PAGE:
They pile the Yule-log on the hearth , — Soak toasted crabs in ale ; And while they sip , their homely mirth Is joyous as if all the earth For man were void of bale ! And why should fears for future years Mix jolly ale with thoughts of tears When in the horn ' tis poured t And why should ghost of somw fright The bold heart of an English wight When beef is on the board f . The " stranger minstrel" now enters the hall , and is hailed with a shout of welcome . lie is not long allowed to remain idle ; accordingly , he _ commences with a tale , or ballad , called "The Daughter of Plantagenet . " We give the subjoined specimens of the " minstrel ' s"merits : —
'lis midnight , and the broad full mo Jn Fours on the earth her silver noon ; Sheeted in white , like spectres of fear , Their ghostly forms the towers uprear ; And their long dark shadows behind them are cast , Like the frown of the cloud when the lightning hath past , The warder sleeps on the battlement , And there is not a breeze to curl the Trent , The leaf is at rest , and the owl is mute-But list ! awaked is the woodland lut « : The nightingale warbles her omen sweet On the hour when the ladye her lover shall Meet . « * * * Honiara ' s skiff is on the Trent ,
And the stream is raits strength , — For a surge , from its ocean-fountain sent , Pervades its giant length : Roars the hoarse heygre in its course , Lashing the banks with its wrathful force ; And dolefully echoes the wild-fowl ' s scream , As the sallows are swept by the whelming stream ; And her callow young are hurled for a meal , To the gorge of the barbel , the pike , and the eel ; The porpoise heaves ' mid the rolling tide . And , snorting in mirth , doth merrily ride , — For he hath forsaken his bed in the sea , To sup on the salmon , right daintily ! * * * * Divinely streaketh the morning-star With a wavy light the rippling waters ; And the moon look * on from the west , afar , And palely smiles , with her waning daughters , The thin-strown stars , which their vigils keep Till the orient sun shall awake from slsep .
The minstrel ' s "tale" is one of " sorrow and death , " and lest it should mar the evening ' s mirth , the baron calls upon one of his followers , " woodman Ssell , " to give a song . The demand is at once answered , and here is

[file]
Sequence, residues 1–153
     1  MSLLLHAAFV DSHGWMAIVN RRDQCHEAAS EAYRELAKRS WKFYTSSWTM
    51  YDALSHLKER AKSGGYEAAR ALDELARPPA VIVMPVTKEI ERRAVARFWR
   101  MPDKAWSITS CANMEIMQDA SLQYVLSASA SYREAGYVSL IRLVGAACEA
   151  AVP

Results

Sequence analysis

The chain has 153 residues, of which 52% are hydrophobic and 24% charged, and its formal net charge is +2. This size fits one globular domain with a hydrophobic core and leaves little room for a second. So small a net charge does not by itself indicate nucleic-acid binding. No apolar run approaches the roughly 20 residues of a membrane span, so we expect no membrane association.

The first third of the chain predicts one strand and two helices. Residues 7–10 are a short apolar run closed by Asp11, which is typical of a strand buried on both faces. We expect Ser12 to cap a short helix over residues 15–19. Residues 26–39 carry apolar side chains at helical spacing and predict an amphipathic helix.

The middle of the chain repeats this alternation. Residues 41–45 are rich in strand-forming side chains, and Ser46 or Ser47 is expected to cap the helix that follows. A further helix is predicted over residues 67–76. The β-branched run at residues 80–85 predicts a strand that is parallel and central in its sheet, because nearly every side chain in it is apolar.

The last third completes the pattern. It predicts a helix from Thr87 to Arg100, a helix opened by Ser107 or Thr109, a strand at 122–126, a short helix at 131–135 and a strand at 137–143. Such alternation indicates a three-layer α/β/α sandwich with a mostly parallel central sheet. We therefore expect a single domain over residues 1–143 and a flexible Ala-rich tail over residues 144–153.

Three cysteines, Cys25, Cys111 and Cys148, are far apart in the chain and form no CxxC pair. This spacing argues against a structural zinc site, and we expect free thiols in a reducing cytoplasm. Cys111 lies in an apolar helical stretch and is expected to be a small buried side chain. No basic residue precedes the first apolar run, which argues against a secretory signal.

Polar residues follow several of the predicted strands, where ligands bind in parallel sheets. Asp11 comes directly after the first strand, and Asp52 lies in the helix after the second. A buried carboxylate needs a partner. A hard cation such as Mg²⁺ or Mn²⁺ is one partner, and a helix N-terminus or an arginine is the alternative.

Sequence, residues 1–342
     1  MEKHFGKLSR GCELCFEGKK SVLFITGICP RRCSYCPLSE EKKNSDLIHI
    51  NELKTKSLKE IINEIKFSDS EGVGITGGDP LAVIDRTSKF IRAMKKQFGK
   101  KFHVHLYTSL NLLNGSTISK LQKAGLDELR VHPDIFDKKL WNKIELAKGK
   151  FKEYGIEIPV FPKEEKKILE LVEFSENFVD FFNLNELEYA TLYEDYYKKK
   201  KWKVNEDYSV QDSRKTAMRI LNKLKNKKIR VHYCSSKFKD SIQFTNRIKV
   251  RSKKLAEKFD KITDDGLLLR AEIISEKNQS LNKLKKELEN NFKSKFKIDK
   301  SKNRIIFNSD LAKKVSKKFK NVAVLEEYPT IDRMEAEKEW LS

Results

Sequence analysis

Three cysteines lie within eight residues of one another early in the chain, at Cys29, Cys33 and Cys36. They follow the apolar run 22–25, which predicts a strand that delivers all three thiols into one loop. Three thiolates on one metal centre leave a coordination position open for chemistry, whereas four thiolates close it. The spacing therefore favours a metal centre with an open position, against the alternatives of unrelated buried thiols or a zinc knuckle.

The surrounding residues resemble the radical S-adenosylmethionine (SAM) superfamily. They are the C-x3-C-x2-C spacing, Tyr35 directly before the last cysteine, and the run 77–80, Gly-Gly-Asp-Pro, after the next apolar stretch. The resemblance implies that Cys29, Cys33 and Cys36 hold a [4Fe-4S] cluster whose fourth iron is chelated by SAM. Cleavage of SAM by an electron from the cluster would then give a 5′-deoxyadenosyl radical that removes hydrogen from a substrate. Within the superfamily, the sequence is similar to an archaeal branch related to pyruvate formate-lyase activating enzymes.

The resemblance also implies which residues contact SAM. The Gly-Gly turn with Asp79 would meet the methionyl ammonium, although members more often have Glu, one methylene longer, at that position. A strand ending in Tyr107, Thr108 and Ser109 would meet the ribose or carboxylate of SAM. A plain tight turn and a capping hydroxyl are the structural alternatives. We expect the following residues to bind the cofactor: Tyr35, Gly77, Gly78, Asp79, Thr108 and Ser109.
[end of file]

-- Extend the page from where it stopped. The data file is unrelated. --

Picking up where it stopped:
THE WOOBMAH ' s SONS . I would not be a crowned king , For all his gaudy gear ; I would not be that pampered thing , His gew-gaw gold to wear : But I would be where I can sing Bight merrily , all the year ; Where forest treen , All gay and green , Fullblythely do me cheer . I would not be a gentleman , For all his hawks and hounds , — For fear the hungry poor should ban Uy balls and wide-parked grounds : But I would be a merry man , Among the wild wood sounds ,- — Where free birds sing , And echoes ring While my axe from the oak rebounds .
I would not be a shaven priest , For all his sloth-won tythe : But while to me this breath is leased , And these old limbs are lithe , — Ere Death hath marked me for bis feast , And felled ine with his scythe , — I'll troll my song , The leaves among , All in the forest blythe . This song is followed by a satirical love song by the " minstrel . " Amongst the company is a fat jolly
lay brother , belonging to the convent of St . Leonard , lie tells a tale called " The Miller of Roche . " Mr . Cooper says this tale "is a homely versification of a homely tale , often told by the fireside in Lincolnshire . " ' lie intimates that a similar story is to bo found in the "Decameron . " The story is quite familiar to us , though we cannot say where we have read it , but wc are strongly impressed with the belief that it exists in print in more shapes than one . Be that as it may . the story will bear repeating . Tho second canto closes with the bring ing in of
THf MISSELTOB BUSH , A signal note the pipe hath blown , And a maiden at the door Craves curtsied leave , with roseate blush , To bring the sacred missel-bush . Gaily a younker leads the fair , Proud of his dimpled , blushing care : All clap their hands , both old and young , And soon the misseltoe is hung In the mid-rafters , overhead j And , while the agile dance they thread , Such honey do tht plough-lads seize From lips of lasses as the bees Ne ' er sip from sweetest flowers of May . And iu the rapture of their play , — While shrilly swells the mirthsome pipe , And merrily their light feet trip , — Leave we the simple happy throng Their mirth and rapture to prolong .
Canto III brings Christmas Day , and , with its mom , the return of the merrymakers , greatly augmented in number Uy the arrival of Thorold ' followers , "free and thrall , " from all parts of bis domain . The mummers re-appcar in the full bhv < of their mimic glory , including the "Lord of Mis * rule , " the "Abbot of Unreason , " the "Fiery Dragon , " « tc . Here is a spirited description of
The " Cricket On The Hearth Necessarily ...
THE CHRISTMAS FEAST . 'Tis high Yule-tide in Torksey hall : Jfull many a trophy bedecks the wall Of prowess in field and wood ; Blent with the buckler and grouped with the spear Hang tusks of the boar , and horns of tlie deer—But De Thorold ' s guests beheld nought there That sceivtM of Uwawv blot > u . The mighty wassail horn suspended From the tough yew-how , at Hastings bended , With wreaths of bright holly and ivy bound , Were perches forfaleons that shrilly screamed ,
While tbeir look with the lightning of anger gleamed , As they chided the fawning of mastiff and hound , That crouched at the feet of each peasant guest , And asked , with their eyes , to share the feast . Sir Wilfrid ' s carvenchair of state 'Neath the dais is gently elevate , — But hip smile bespeaks no lordly pride : Sweet Edith sits by her loved sire ' s side , And five hundred guests , some free , some thrall , Sit by the tables along the wide hall , Each with his platter , and stout driuk-horn , — They count on good cheer this Christmas mom !